Diversity in Science – Where I’m Coming From

Underrepresented voices in science offer unique perspectives


Photo above provided by Jackie Ricciardi.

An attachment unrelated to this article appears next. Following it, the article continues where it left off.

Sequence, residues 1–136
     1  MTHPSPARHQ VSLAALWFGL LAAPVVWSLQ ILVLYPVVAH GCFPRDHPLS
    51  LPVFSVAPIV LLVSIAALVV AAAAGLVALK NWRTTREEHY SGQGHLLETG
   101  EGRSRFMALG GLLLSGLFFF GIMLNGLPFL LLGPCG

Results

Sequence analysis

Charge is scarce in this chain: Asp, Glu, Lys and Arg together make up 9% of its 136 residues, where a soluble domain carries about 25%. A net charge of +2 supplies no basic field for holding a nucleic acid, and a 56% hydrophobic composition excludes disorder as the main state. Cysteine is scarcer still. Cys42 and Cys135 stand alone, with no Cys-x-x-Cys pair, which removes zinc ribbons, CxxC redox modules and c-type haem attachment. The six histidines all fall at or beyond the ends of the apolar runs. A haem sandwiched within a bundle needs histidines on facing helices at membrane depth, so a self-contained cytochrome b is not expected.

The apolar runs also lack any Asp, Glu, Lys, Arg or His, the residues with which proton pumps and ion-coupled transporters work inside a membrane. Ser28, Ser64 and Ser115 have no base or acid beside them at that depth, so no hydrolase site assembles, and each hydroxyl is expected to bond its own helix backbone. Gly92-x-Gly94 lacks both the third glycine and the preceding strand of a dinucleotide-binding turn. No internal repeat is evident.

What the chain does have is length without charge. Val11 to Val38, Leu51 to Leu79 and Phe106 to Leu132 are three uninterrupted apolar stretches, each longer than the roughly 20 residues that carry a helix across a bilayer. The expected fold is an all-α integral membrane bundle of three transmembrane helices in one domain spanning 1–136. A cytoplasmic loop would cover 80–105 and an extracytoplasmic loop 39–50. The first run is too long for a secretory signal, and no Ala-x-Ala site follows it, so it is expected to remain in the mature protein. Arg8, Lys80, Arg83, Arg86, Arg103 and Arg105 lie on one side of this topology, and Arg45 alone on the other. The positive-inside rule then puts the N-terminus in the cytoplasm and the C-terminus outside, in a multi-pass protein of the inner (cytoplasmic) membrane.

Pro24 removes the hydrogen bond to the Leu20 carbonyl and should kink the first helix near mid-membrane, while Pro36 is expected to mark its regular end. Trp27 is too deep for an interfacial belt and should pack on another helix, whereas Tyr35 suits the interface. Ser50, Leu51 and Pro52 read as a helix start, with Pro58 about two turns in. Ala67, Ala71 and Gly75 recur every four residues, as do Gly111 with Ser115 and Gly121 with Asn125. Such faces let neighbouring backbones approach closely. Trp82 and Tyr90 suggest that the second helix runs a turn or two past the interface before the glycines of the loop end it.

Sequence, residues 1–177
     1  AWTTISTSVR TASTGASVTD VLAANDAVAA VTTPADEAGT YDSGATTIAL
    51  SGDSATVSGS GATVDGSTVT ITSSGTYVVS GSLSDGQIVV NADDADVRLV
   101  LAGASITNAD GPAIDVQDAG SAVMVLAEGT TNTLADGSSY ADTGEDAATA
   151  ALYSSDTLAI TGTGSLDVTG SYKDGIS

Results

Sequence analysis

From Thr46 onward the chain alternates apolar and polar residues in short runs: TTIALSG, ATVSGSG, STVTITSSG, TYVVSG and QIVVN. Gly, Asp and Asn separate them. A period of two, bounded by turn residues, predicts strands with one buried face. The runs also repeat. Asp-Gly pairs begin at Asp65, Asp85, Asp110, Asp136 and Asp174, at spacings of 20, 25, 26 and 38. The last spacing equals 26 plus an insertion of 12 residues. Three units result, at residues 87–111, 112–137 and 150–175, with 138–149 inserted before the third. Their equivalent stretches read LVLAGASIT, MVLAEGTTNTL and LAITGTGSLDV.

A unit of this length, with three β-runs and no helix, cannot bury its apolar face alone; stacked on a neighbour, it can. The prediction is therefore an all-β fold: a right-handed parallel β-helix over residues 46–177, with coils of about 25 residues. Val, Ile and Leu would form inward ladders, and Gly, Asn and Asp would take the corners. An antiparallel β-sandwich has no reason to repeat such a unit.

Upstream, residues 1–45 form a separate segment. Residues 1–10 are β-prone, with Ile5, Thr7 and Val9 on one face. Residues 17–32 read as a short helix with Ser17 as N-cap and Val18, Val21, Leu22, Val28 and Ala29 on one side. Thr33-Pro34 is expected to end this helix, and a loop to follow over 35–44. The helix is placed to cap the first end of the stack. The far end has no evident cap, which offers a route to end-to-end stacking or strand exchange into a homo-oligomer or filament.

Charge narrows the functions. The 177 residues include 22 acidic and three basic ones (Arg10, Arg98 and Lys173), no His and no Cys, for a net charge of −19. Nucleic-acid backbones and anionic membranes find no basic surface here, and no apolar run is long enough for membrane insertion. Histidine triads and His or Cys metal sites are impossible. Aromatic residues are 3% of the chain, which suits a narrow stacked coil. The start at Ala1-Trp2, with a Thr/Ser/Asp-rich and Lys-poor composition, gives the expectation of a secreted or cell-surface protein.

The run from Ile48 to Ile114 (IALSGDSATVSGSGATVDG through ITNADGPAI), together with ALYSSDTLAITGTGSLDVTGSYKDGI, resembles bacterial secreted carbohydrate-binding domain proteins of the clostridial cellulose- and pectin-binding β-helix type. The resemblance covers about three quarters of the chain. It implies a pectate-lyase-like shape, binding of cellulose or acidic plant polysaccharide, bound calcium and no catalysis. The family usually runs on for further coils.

SCIENCE, WHICH IS SUPPOSED TO INVESTIGATE the entirety of the physical and natural world, is missing something. So is engineering. According to a report issued last year by the National Science Foundation (NSF), blacks and Hispanics are underrepresented both as recipients of degrees in science and engineering and in the science and engineering workforce. The same NSF report found that while women have reached parity with men among science and engineering degree recipients, they make up disproportionately smaller percentages of employed scientists and engineers than they do of the US population, and that while people with disabilities are as likely as others to enroll in science and engineering studies, they also remain underrepresented in the workforce. That imbalance is a problem for those underrepresented groups, and many observers consider it a problem for science and engineering, two life-changing fields that lack the benefit of the wealth of perspectives shared by the country’s increasingly diverse population.

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